Look beyond cash Isas to stocks and shares

Interest rates on cash Isa accounts are too low and stocks do better over the long term. Consider a stocks and shares Isa instead.

The latest individual savings account (Isa) statistics are out and show that while we are flocking to put our money into Isas, we may not be choosing the best ones. The new figures relate to the 2018-2019 tax year and show that the number of people using cash Isas rose by 1.4 million, but stocks and shares Isa subscriptions fell by 450,000.

The decline is a worry when you consider how low interest rates are and that historically the stockmarket outperforms cash. “For a long-term saver, cash makes no sense,” says Holly Black on Morningstar.co.uk.

Black ran the figures and showed that putting £10,000 into a cash Isa paying 0.9% – the best current interest rate for an easy-access account – would produce a £2,522 return over 25 years. By contrast, if you had invested that £10,000 into the FTSE 100 over the past 25 years it would now be worth almost £45,000.

When it comes to savings accounts, the good news is that savers are returning to Isas after years of neglecting them as the Personal Savings Allowance (PSA), introduced in April 2016, meant you could enjoy tax-free returns in standard savings accounts. The PSA means basic-rate taxpayers can earn up to £1,000 a year in interest on their cash savings before it is taxed. However, the allowance shrinks as your income grows. Higher-rate taxpayers only get a £500 PSA and additional-rate taxpayers get no PSA. 

No wonder, then, the group with the most money tucked away from the taxman is the high earners. People with incomes of £150,000 or more have an average of £84,530 in their Isas. At the other end of the spectrum, “there is only a small difference in Isa wealth between low earners and those who would be considered well off but not the highest earners”, says Kate Palmer in The Sunday Times. Those earning £10,000-£19,999 have an average of £23,000 in their Isas, compared with £29,000 for people earning £30,000-£49,999.

How Isas help higher earners

While high earners clearly have more disposable cash to tuck away into Isas, they also have more incentive to do so. Not only do they get no PSA, they also pay more tax on the investments in their stocks and shares Isas. If you earn over £150,000, you pay 38.1% dividend tax, compared with 7.5% for basic-rate taxpayers and 32.5% for higher-rate taxpayers. 

The way the tax rules are structured mean a rising income could have a significant impact on how much tax you pay on your savings. A small pay rise, or annual bonus, could bump up your salary into the next tax bracket and have a dramatic effect on your savings tax bill. So it makes sense to build your savings within an Isa so that you know it is tax-free no matter what happens to your income.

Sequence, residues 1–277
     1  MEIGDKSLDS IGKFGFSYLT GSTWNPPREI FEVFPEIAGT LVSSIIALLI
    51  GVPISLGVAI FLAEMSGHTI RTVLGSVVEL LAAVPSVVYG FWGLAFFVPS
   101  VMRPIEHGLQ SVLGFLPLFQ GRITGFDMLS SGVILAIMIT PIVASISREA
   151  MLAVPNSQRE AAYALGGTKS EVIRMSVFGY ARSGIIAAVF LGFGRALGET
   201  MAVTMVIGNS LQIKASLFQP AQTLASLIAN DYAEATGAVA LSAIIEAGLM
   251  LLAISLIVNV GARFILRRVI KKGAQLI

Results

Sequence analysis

One final interesting statistic is that almost a million more women hold Isas than men. But they are more likely to favour cash savings than stocks. This brings us back to equities’ superior long-term performance. While it makes sense to keep a cash savings pot for emergencies – enough to cover the bills for three to six months – over longer time periods stocks almost always vastly outperform cash. “Tell everyone you know, because based on these latest HMRC figures, it seems like the message isn’t getting through,” says Black.

Recommended

Bitcoin is down more than 50% since its all-time high. What is going on?
Bitcoin & crypto

Bitcoin is down more than 50% since its all-time high. What is going on?

Bitcoin, the world's most popular cryptocurrency, is trading more than 50% below its all-time high in November. Saloni Sardana explains why the digita…
24 Jan 2022
Which assets will benefit as the “jam tomorrow” bubble pops?
Investment strategy

Which assets will benefit as the “jam tomorrow” bubble pops?

With tech stocks, cryptocurrencies and many other “long duration” investments crashing hard, the “jam tomorrow” bubble looks to be bursting. John Step…
24 Jan 2022
Shareholder capitalism: why we must return power to listed companies’ ultimate owners
Investment strategy

Shareholder capitalism: why we must return power to listed companies’ ultimate owners

Under our system of shareholder capitalism it's not fund managers, it‘s the individual investors – the company's ultimate owners – who should be telli…
24 Jan 2022
Guillaume Pousaz of Checkout.com: the surfer dude catching the fintech wave
People

Guillaume Pousaz of Checkout.com: the surfer dude catching the fintech wave

Guillaume Pousaz moved to California to pursue his love of surfing, and landed in Silicon Valley. He then rode the fintech gold rush to a multi-billio…
23 Jan 2022

Most Popular

Shareholder capitalism: why we must return power to listed companies’ ultimate owners
Investment strategy

Shareholder capitalism: why we must return power to listed companies’ ultimate owners

Under our system of shareholder capitalism it's not fund managers, it‘s the individual investors – the company's ultimate owners – who should be telli…
24 Jan 2022
Ask for a pay rise – everyone else is
Inflation

Ask for a pay rise – everyone else is

As inflation bites and the labour market remains tight, many of the nation's employees are asking for a pay rise. Merryn Somerset Webb explains why yo…
17 Jan 2022
Three innovative Asian stocks to buy now
Share tips

Three innovative Asian stocks to buy now

Professional investor Fay Ren of the Cerno Pacific Fund highlights three of her favourite Asian stocks to buy now
24 Jan 2022